Clinical Neuroscience

The effect of psychiatric comorbidities and stress-coping strategies on perceived quality of life in migraine

PETROVICS-BALOG Anna1, MAJLÁTH Zsófia1, LUKÁCS Melinda1, HOLCZER Adrienn1, MUST Anita1,2, TAJTI János1, VÉCSEI László1,3

NOVEMBER 30, 2019

Clinical Neuroscience - 2019;72(11-12)


Purpose – Migraine is one of the most disabling primary headache conditions. We aimed to detect hidden symptoms of anxiety and depression and to survey stress-coping mechanisms and related quality of life in a large migraine population without any known psychiatric comorbidity. Method – 123 migraine patients (MG) and 66 healthy subjects (HC) completed the Beck Depression Inventory-II (BDI-II), the State and Trait Anxiety Inventory (S-STAI and T-STAI), the Stress and Coping Inventory (SCI) and the 36-Item Short Form Health Survey (SF-36). Results – MG patients reached significantly higher scores on the BDI-II and the T-STAI yielding previously undetected anxiety and depression symptoms. Significant differences were present on the SCI: higher stress scores and lower coping levels suggested impaired stress-coping strategies in migraine. MG patients achieved significantly lower scores on most of SF-36 subscales indicating lower perceived quality of life. Significant correlations were found between BDI-II, T-STAI, SCI scores and subscales of the SF-36. Conclusion – Unrecognized symptoms of anxiety and depression, as well as less effective stress-coping strategies might be related to the lower perceived quality of life in migraine. The screening of these symptoms might lead to more focused and efficient therapeutic strategies. Addressing stress management techniques could improve quality of life on the long-term.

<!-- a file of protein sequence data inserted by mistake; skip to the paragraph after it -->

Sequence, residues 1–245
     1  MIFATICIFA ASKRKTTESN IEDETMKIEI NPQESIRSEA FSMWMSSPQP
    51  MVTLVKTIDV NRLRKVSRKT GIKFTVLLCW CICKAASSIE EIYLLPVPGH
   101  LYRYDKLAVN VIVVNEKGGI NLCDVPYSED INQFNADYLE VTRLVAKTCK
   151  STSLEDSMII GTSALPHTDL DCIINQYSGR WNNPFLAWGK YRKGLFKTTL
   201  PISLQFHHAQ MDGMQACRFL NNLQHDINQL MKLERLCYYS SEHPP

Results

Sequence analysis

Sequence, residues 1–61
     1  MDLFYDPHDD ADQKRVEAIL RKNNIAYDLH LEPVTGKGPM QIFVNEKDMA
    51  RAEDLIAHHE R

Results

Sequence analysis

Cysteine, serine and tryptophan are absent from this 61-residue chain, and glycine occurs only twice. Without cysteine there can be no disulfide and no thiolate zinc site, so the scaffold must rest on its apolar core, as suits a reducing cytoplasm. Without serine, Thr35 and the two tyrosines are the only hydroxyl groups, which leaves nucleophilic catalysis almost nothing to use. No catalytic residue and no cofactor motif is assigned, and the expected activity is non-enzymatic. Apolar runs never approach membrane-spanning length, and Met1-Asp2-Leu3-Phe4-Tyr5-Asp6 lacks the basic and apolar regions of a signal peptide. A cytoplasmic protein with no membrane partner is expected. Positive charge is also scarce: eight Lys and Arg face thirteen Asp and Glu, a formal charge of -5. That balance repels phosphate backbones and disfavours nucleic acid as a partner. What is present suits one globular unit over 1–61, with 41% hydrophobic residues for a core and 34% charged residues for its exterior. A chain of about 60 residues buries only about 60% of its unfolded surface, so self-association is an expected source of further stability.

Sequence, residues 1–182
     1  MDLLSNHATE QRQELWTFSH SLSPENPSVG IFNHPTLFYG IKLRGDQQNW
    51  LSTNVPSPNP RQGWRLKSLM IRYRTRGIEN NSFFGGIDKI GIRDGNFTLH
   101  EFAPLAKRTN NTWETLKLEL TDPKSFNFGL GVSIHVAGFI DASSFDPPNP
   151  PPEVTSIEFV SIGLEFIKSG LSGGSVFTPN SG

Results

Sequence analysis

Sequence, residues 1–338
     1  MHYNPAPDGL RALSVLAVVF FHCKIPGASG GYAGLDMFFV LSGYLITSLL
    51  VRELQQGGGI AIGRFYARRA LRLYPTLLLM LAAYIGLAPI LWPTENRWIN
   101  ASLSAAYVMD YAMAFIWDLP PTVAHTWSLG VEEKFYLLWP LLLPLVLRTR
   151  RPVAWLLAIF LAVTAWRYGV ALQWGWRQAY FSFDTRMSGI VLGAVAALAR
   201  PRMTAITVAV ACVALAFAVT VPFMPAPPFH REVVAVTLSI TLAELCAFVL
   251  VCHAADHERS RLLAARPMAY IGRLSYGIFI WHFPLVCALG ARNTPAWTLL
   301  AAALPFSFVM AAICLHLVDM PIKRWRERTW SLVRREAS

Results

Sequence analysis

1. Department of Neurology, Albert Szent-Györgyi Clinical Centre, University of Szeged, Szeged
  2. Department of Cognitive and Neuropsychology, Institute of Psychology, Faculty of Arts, University of Szeged, Szeged
  3. MTA-SZTE Neuroscience Research Group, Szeged



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